In an investigation by the media outlet Repórter Brasil, the tax auditor Cláudio Secchin, responsible for the operation, reported that 362 work permits were analyzed. However, many of these people left before the operation was completed.

And the accusations don’t stop at this edition. In 2015, 17 street vendors, all from São Paulo this time – who spent an average of 400 reais on the trip to Rio – were found to be housed in unhealthy conditions, with documents seized by the company that hired them.

The situation closely resembles the 2013 case: selling food products as street vendors, this time selling potato chips for the company Batata no Cone. They became indebted to the contracting company and were housed in a nearby favela to the festival space. The note issued by Rock in Rio claimed the same thing as the last one.

Once again, the production did not take responsibility for what happened, as they are not obliged to investigate the hiring done by other companies, even if they operate within the festival. The street vendors received 49 thousand reais from the company.

The most recent and probably the best-known case occurred in 2019 at the Lollapalooza festival in São Paulo. During an inspection, five people were found in the same conditions mentioned in previous cases, working in logistics or selling beverages.

The workers were hired by Yellow Stripe, a company subcontracted by Time For Fun. It was promised 130 reais per day, but ended up working extremely long and exhausting hours, and were forced to sleep at the racetrack to guard the beverages being unloaded.

In a statement, Time For Fun considered the situation an isolated case and stated that they would continue to reinforce the rules imposed by the company regarding hiring practices. Lollapalooza terminated its connections with Yellow Stripe and ensured compensation for those affected, but the festival continues to be accused of exploitation every year.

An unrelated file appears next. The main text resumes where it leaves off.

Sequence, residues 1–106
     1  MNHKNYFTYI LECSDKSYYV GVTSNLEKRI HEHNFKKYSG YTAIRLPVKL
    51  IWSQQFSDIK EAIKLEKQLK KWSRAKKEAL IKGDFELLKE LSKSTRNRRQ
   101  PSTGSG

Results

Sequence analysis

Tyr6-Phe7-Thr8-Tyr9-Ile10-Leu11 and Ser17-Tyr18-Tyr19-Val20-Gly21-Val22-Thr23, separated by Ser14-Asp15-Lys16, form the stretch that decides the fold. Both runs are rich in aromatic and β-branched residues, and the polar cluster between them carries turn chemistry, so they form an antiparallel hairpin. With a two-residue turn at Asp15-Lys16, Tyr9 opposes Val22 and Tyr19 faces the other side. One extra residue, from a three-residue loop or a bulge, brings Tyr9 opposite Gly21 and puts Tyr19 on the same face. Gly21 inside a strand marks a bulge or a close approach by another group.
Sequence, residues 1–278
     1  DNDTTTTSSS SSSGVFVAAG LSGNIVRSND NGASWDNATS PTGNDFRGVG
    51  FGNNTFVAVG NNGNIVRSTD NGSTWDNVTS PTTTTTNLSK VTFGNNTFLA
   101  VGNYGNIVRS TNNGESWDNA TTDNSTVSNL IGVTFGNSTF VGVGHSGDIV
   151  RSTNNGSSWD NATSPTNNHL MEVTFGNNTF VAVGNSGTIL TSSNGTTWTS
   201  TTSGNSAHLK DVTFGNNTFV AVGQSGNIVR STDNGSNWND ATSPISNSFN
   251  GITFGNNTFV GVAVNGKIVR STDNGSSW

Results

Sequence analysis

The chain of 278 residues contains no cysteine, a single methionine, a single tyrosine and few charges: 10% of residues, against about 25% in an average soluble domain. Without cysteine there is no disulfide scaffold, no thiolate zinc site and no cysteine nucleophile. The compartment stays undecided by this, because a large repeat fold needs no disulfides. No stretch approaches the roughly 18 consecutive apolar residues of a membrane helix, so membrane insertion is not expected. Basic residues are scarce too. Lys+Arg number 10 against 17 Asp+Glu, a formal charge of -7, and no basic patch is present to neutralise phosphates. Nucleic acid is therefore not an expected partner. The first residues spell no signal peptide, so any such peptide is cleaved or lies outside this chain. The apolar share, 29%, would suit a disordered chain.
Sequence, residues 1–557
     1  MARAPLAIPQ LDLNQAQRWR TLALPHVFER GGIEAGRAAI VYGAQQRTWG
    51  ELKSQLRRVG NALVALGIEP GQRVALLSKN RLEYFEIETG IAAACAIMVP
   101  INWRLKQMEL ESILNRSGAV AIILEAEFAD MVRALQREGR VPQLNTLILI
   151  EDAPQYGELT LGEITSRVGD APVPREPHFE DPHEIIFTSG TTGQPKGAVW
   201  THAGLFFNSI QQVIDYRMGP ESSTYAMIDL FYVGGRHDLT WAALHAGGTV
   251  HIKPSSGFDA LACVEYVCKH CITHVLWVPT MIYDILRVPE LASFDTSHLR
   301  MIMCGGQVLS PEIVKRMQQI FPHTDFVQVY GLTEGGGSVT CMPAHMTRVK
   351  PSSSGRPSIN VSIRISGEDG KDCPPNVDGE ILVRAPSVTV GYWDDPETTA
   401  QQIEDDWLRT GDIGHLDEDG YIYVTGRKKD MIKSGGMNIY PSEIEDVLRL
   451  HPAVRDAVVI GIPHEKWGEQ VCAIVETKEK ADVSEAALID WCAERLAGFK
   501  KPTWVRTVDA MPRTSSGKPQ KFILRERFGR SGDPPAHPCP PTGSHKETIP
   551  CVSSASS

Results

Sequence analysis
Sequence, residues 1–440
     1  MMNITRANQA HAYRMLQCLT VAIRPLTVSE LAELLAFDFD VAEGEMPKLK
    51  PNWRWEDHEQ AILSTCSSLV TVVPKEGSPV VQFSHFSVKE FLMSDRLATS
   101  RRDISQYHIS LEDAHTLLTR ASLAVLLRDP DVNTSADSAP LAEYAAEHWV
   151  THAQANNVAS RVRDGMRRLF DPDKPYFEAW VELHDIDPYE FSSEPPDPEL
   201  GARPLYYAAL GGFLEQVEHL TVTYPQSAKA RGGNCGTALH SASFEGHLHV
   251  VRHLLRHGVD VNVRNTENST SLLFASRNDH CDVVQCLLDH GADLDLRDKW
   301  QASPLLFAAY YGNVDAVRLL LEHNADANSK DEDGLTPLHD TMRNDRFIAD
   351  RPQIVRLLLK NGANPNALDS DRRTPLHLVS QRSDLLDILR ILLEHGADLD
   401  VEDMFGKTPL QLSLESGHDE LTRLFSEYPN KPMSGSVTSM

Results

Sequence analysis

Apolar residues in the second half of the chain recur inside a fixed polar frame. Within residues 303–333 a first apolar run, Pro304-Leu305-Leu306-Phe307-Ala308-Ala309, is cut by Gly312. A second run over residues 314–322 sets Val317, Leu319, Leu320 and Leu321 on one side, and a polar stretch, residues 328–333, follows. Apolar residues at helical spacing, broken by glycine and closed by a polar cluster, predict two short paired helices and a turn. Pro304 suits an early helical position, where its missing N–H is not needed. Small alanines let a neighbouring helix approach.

Lollapalooza: como um festival que já teve tantas denúncias de trabalho escravo pode continuar acontecendo?

♬ som original – 𝖛𝖔𝖑𝖚𝖒𝖊 𝖒𝖔𝖗𝖙𝖔 – 𝖛𝖔𝖑𝖚𝖒𝖊 𝖒𝖔𝖗𝖙𝖔

What does the law say?

The concept of slave labor is often linked to the idea of denying an individual’s freedom, but the practice goes much further than that. In Brazilian law, Article 149 of the Penal Code defines as a crime any practice that subjects someone to an exhaustive work schedule, working conditions that violate the dignity of the citizen, forced labor, or servitude due to debt.


Trabalho escravo e direitos trabalhistas. Veja o que diz a nossa Constituição e o Código Penal Brasileiro.

♬ som original – STF Oficial

There is a clear lack of effective enforcement against festivals, which often shifts the blame to other companies, arguing that these are isolated cases, thereby avoiding responsibility for the criminal practices that occurred during their events.

The attending public deserves to see their favorite artists without feeling that they are condemning employees to unhealthy living conditions. Taxpayers also deserve a good state of work so that they can continue to fulfill the dreams of thousands of people.


The article above was edited by Clarissa Palácio.

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Hi! I'm a journalism student, fascinated by pop culture, shows, books, and all types of art! <3